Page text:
Disruptive Conversations about Death in the Healthcare System

This week I am working with the Vitaltalk team to imagine how to scale their work Nurturing healthy connections between clinicians and patients facing serious illness.   They are such an amazing team to work with as they’ve been teaching & working with deep authenticity, presence, co-learning, emergence, honesty, courageous humanity and HUMOR.    How do you scale THAT! 

One of the most personally impactful retreats I’ve ever hosted was the one I co-lead with the VitalTalk team on Dying. The Invitation read: Let’s have a disruptive conversation about death. You can view the beautiful website and excellent videos from the event here.

One of my favorite lines spoken at the retreat, by Kemp, “It is not death we fear but our own unbearable grief, our unbearable love.”

Choosing an object to take to put in the circle on Monday, I’m packing up a picture of my Dad. I’ve met him three times as he flirted with that threshold, the first after a major bicycle accident. … Continue Reading...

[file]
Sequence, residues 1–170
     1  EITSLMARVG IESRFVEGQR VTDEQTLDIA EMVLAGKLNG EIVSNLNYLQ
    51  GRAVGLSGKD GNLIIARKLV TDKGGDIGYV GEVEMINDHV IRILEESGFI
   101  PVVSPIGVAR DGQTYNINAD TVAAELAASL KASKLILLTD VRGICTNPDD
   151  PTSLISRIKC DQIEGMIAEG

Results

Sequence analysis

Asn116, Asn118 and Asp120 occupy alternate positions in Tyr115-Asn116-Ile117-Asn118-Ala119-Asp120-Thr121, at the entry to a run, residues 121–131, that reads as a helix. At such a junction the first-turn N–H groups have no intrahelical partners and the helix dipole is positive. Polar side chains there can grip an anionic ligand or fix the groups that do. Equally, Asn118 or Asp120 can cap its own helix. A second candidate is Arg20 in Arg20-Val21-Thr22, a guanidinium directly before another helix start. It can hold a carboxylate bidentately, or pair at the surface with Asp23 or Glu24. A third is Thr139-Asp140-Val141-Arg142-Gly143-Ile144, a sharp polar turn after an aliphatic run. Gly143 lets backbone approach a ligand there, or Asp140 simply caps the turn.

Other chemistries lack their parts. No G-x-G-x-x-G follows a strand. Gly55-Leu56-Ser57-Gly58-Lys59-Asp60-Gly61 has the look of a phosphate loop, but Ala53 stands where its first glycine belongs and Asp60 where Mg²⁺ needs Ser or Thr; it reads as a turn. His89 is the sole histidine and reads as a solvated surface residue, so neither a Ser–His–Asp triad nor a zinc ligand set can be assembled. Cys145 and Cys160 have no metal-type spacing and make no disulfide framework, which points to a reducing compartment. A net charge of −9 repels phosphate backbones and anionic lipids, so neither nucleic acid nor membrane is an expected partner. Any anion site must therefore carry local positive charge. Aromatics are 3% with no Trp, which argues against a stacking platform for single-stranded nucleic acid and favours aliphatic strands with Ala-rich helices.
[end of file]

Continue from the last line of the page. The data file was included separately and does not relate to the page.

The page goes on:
Olympia Homelessness Leadership Summit

Five months ago I hosted the Olympia Homelessness Leadership Summit with Paul Horton. It’s fun to watch how the work continues to unfold.   The harvest from the original event can be found here.  The opening lines of the original invitation read: “It’s time to have a different conversation about homelessness in Olympia, one that acknowledges the complex nature of the issues and seeks to build an atmosphere of mutual understanding, learning and innovation. One that helps us work better together as we address these challenges in our community. One that shapes next steps in a powerful way”.

One piece that keeps travelling since the event are the AGREEMENTS  we created for how to work together (see below).   These have been brought into other meetings to set the tone and quality of conversations.   This week there is a public meeting on the issue – all who attended the summit were encouraged to attend and help shift how public meetings go: “We hope that we can all bring the spirit, intention and commitment to work together into this meeting.”